The FOMC will announce its interest rate decision and offer an updated set of forecasts at 2pm EST today, Fed Chairman Powell will then hold a press conference at 2:30pm EST. The prospect of the Fed hiking rates again, while we have essentially witnessed four large bank failures in the last two weeks, is surreal in and of itself. But then again, we live in surreal times and nothing should surprise anyone at this point.

The Fed finds itself in a very difficult spot. On the one hand recent Fed speaker rhetoric has been one of "higher for longer", "there is more to be done in the inflation fight", and "prepared to increase the pace of rate hikes".

Remember, that it was only two weeks ago that markets were pricing in another 100bps of rate hikes in 2023:

However, in the last two weeks the global banking system has experienced a heart attack of sorts. One of the most globally important banks of the last several decades, Credit Suisse, f̶a̶i̶l̶e̶d̶ .....err... was acquired by UBS with hefty government guarantees to sweeten the deal.

Meanwhile, the US has a big problem on its hands in the form of uninsured deposits at regional banks that are too small to be considered "systemic risks" - this has led to massive deposit flight to large money center banks and money market funds (areas of the banking system that would be considered systemically critical).

$100 billion fled to money market funds last week, bringing the total to more than $400 billion since the Fed began hiking rates last year.

To be clear, I do not see a strong move for the Fed today. I believe they are stuck trying to find the path of least regret, knowing that something has to be sacrificed. The market is currently pricing in about a 4 in 5 chance of a 25bps rate hike, while also laying slightly less than even money that this will be the final rate hike from the Fed in this cycle.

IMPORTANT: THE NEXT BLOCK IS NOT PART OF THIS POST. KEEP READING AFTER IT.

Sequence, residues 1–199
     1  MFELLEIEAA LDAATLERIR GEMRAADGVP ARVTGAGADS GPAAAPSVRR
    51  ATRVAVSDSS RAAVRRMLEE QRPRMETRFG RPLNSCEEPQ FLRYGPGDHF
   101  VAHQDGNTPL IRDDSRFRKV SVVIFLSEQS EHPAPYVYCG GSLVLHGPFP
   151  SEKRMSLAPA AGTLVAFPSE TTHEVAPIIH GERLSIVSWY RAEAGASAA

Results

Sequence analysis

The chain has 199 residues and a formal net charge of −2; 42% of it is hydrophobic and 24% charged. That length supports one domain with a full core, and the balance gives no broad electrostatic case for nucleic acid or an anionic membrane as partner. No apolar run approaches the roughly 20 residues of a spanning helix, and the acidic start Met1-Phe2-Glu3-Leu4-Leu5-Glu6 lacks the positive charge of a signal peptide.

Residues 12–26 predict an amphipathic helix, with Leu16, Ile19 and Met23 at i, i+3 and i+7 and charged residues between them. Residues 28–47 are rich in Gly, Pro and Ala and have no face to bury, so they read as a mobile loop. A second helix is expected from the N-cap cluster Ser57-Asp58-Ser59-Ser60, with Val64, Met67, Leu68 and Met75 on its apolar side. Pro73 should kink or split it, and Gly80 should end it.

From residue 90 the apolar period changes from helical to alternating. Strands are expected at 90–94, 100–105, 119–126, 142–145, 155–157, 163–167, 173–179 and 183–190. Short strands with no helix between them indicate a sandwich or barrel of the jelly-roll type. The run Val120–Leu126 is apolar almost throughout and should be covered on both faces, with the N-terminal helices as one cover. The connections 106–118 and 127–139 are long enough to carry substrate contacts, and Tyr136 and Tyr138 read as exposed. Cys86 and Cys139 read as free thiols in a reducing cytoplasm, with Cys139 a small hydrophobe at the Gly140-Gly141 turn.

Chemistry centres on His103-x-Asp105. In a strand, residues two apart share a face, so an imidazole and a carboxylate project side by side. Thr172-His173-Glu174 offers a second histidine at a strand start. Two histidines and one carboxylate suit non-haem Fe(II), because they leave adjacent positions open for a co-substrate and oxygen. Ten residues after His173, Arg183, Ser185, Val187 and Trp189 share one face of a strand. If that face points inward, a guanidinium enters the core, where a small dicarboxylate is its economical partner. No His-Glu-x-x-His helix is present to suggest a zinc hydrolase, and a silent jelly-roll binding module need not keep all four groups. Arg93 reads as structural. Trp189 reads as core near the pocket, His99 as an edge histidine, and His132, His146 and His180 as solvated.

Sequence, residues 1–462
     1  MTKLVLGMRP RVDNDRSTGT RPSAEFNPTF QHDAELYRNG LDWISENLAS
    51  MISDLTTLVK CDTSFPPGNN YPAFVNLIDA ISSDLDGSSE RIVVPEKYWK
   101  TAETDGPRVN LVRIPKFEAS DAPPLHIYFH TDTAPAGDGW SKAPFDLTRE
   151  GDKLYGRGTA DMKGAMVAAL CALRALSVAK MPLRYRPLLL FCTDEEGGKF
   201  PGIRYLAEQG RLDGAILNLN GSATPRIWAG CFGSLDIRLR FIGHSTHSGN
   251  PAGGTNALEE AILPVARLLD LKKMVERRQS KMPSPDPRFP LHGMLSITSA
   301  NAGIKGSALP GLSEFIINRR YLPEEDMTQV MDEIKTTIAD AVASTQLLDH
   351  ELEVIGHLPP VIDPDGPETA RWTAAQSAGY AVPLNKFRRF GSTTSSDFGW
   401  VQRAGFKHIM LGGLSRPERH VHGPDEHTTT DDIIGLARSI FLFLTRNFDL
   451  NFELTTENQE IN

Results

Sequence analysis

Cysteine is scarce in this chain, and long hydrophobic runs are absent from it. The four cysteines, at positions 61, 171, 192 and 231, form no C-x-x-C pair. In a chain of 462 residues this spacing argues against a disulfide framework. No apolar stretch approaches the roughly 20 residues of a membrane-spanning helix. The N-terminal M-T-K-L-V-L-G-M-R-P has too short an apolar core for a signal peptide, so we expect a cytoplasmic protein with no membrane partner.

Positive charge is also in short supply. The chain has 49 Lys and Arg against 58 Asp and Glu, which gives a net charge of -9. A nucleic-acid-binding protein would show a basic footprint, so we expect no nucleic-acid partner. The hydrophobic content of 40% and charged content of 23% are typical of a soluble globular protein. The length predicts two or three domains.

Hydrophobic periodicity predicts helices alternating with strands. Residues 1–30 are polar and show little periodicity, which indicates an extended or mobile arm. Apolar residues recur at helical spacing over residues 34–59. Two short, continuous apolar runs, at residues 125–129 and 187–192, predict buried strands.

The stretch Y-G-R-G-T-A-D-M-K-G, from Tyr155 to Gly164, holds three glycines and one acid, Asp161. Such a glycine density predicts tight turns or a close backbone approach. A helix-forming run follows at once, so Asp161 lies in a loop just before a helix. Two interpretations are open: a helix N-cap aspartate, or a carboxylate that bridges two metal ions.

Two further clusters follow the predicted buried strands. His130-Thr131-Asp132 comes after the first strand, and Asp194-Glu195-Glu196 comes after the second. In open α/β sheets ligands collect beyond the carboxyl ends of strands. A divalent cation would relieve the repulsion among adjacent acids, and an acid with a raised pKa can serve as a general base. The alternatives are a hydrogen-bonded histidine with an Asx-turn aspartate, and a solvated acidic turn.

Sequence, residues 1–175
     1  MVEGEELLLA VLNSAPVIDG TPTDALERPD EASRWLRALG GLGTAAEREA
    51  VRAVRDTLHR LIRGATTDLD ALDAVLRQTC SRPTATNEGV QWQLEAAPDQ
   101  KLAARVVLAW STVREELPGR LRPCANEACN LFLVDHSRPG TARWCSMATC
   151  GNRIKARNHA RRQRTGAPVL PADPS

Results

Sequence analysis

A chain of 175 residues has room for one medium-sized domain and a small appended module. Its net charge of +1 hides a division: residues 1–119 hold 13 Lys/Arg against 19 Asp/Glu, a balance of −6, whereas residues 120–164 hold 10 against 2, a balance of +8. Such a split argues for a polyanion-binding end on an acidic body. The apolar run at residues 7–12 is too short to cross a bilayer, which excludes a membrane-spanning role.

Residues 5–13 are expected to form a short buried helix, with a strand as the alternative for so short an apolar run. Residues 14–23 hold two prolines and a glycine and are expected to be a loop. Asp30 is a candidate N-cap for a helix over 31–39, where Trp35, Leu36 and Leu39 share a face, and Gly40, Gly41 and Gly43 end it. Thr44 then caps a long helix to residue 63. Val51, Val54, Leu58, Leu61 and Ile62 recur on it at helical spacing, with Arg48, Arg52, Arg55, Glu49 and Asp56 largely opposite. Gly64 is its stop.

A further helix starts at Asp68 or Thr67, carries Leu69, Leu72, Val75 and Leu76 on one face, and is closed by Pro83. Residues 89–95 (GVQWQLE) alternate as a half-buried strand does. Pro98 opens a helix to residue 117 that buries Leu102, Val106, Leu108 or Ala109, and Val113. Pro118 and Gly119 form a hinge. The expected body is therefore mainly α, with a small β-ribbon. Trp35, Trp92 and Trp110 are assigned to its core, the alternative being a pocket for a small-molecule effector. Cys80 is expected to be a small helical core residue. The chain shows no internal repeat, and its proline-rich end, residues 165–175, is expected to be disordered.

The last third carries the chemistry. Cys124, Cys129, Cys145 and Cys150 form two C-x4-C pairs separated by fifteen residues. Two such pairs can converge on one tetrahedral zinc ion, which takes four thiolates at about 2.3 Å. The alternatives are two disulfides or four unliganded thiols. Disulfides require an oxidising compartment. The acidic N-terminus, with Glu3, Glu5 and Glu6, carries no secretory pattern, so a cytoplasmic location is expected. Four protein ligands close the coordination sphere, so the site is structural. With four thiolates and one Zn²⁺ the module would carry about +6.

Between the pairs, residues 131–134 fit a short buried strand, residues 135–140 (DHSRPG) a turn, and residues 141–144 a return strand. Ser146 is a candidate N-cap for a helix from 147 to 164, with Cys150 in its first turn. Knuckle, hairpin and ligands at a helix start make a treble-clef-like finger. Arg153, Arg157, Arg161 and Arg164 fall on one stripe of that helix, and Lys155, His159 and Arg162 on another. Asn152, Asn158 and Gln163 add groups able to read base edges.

Barring a surprise rate cut (Nomura sees a 25bps rate cut from the Fed this afternoon), I see two main possibilities for this FOMC meeting plays out:

  1. Fed Pauses: market reaction = "uh oh, things are actually really bad.... and inflation might keep running hot....."
  2. Fed hikes 25bps: market reaction = "Financial conditions have tightened massively in recent months, and they are getting even tighter...."

I don't think the Fed has a good move, but the 'dovish hike' is probably the path of least regret: A rate hike to make themselves not look like complete fools (based upon speeches and rhetoric of 2-3 weeks ago), while Powell will also spend a lot of time acknowledging that downside risks have risen is probably the way to go. The tone of the press conference will be crucial in instilling confidence, and Powell's every syllable will be carefully parsed. 

While I believe there is substantial risk of a 'sell on the news' post-FOMC (whatever the news is), I do foresee a large blanket guarantee of US deposits as likely to be announced in the next few weeks. The anticipation of this news is probably what has, at least partially (Fed swap lines also help), stemmed some of the bleeding in equities, and curbed the rallies in gold and Treasuries.

After surging above $2,000/oz early Monday morning, gold futures have pulled back to a level of support near $1940

However, with what will essentially be a government guarantee of trillions of dollars worth of deposits, will come an ever powerful State, and a 'financial whirlpool' that will be d̶i̶f̶f̶i̶c̶u̶l̶t̶ ....impossible to reverse, without taking everything down with it.

"There is, of course, another escape, but it risks a fall into a financial whirlpool. The government can print money for the banks to lend without going to the trouble of borrowing it from someone else. That has a name of its own: inflation. As the postwar era demonstrates, it is a whirlpool that is also difficult to reverse." ~ Lawrence Malkin, 1987

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